When was the last time you had some Brazil nuts? They are the big dark nuts that are shaped like a section of an orange and are difficult to crack. Yet oftentimes, the hardest nuts to crack reap the greatest rewards—and Brazil nuts are no exception!
In addition to offering enjoyment and nutrition, Brazil nuts are wild harvested in a unique manner that helps save Amazon rainforest. Tropical deforestation accounts for roughly 17 percent of global carbon emissions, factoring heavily into global warming. Despite the very best efforts of conservation groups and environmental policy makers, the world still loses more than 80,000 acre of tropical rainforests each day, according to figures from mongabay.com. As we become more aware of how our consumer choices affect the world, incorporating some rainforest-saving choices into our daily round is s simple way to help a very serious problem—and in this case a delicious and nutritious way too! Enjoy Brazil nuts on cereals, salads and pastas, in baked goods or as a snack knowing you are helping the Amazon rainforest with every bite.
So here's the scoop. Brazil nut trees have a unique distinction that makes them important to the preservation of the Amazon rainforest: they flourish only in the Amazon’s untouched rainforest. Thanks to a particular bee combined with soil content issues, attempts to cultivate Brazil nut trees on plantations have largely failed with only a few exceptions. Brazil nut trees just happen to be dependent on large-bodied orchid bees for pollination. While the orchid bees pollinate Brazil nut trees, the insects are mostly reliant on the pollen of orchids that grow almost exclusively in the rainforest. Hence, disturbed forests that lack orchids also lack orchid bees. Additionally, orchid bees do not “behave” (excuse the pun)—they are nonsocial or semi-social—in other words, humans cannot manipulate them to pollinate certain crops by transporting beehives from one plantation to the next. Basically, if you want to harvest Brazil nuts, you can only do it in healthy tropical Amazon rainforest. That’s the great news. A thriving Brazil nut trade keeps significant areas of the Amazon rainforest intact!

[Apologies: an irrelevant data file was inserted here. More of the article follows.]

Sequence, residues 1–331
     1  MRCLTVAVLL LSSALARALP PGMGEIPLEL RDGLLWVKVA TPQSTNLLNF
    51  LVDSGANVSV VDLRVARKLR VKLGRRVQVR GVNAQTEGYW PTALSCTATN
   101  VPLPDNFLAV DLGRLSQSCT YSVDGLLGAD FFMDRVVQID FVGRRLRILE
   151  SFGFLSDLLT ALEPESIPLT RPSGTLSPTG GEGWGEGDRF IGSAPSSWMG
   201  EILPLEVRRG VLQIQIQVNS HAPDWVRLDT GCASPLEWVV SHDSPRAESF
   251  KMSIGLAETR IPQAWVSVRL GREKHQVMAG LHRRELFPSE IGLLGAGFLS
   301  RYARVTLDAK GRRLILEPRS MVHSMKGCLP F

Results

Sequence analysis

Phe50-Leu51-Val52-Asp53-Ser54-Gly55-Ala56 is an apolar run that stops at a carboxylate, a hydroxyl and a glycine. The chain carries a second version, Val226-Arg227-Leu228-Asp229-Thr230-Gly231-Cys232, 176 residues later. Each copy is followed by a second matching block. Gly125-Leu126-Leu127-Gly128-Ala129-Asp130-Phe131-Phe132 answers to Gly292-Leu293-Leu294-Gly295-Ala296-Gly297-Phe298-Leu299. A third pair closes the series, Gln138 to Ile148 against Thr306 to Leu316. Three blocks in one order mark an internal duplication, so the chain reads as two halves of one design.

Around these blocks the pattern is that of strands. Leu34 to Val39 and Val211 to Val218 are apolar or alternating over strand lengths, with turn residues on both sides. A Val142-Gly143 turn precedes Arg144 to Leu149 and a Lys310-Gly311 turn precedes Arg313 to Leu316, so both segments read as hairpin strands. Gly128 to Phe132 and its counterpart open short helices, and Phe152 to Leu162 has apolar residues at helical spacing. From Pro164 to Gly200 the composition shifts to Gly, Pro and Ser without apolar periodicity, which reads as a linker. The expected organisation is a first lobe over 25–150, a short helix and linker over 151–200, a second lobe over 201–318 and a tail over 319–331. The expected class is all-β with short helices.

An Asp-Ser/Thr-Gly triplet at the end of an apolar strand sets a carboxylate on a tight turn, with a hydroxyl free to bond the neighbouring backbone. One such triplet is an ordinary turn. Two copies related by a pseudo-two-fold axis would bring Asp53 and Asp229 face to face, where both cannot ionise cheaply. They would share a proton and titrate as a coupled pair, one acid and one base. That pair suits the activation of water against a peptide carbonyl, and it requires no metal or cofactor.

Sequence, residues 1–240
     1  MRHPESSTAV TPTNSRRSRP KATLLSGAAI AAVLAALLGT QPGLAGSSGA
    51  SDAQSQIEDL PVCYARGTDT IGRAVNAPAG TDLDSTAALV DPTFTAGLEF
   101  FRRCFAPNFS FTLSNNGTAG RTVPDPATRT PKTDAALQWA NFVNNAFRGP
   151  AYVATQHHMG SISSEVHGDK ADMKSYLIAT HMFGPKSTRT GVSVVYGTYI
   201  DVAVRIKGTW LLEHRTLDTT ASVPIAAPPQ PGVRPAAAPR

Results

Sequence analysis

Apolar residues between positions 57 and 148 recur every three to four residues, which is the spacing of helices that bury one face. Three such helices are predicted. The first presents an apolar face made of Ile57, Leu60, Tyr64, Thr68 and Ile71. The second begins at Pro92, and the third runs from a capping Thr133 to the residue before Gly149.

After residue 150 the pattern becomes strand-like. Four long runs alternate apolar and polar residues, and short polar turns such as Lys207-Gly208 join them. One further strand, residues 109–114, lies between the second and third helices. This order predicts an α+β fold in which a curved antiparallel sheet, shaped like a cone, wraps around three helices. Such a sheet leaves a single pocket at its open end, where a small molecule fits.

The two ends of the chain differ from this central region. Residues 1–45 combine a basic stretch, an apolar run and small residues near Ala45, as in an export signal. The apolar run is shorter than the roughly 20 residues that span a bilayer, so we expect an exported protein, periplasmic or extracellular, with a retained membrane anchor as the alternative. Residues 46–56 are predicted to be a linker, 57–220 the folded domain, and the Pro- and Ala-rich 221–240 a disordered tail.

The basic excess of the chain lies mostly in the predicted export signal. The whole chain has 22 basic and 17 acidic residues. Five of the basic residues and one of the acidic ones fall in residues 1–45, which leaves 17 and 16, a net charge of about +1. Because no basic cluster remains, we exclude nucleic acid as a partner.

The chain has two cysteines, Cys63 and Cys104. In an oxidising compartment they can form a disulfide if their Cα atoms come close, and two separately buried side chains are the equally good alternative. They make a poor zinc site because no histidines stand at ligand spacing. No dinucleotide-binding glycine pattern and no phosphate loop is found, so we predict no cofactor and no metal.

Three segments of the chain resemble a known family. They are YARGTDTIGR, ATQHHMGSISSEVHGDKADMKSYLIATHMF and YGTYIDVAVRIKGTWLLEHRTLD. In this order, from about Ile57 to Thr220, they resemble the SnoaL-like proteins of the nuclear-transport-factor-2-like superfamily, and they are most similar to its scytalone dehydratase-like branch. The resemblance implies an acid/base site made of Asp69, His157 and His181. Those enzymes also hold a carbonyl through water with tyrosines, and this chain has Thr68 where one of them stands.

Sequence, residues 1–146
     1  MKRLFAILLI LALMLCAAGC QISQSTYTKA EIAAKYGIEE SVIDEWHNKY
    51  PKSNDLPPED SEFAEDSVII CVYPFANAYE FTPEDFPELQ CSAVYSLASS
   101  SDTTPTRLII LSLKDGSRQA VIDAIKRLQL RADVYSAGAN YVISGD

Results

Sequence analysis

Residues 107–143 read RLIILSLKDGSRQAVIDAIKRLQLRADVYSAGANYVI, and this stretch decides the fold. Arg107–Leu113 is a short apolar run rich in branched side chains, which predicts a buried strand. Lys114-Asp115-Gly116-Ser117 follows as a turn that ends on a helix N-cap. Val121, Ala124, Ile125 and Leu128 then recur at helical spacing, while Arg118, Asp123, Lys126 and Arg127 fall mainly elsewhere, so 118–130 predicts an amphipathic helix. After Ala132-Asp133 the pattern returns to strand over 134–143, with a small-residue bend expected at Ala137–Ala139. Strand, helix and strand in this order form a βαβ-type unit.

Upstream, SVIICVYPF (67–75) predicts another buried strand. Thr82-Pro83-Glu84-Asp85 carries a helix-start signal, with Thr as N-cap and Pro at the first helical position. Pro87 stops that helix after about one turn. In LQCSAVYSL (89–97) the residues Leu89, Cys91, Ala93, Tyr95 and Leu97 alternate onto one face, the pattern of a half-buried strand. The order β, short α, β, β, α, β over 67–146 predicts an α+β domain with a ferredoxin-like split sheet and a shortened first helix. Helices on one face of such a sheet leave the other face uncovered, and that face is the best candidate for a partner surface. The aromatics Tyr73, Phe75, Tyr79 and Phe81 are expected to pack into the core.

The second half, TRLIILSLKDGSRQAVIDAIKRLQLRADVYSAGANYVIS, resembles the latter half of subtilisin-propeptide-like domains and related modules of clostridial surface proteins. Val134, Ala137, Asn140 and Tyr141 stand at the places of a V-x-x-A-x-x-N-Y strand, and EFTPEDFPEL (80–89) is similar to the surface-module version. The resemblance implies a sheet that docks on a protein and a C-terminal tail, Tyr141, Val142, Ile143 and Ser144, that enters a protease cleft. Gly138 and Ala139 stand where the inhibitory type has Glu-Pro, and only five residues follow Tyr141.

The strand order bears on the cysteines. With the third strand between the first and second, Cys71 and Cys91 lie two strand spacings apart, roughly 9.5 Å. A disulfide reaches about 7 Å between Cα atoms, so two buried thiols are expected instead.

Currently, the Brazil nut is a highly valuable food source with profitable European and North American markets. Roughly 100,000 workers depend on revenue related to Brazil nut extraction, either directly or indirectly. Thus, they have a vested interest in preserving the forest where Brazil nut trees flourish. Harvesters have been called “guardians of the forest” and indeed they are. As Brazil nut trees lives for 500 to 1,000 years, several generations can reap the benefits of sustainably harvested Brazil nuts with no harm to the rainforest. Harvesters are hard-working people who gather the Brazil nut tree pods from the forest floor and open them with a machete, filling sacks with up to 175 pounds of nuts, which they carry on their backs!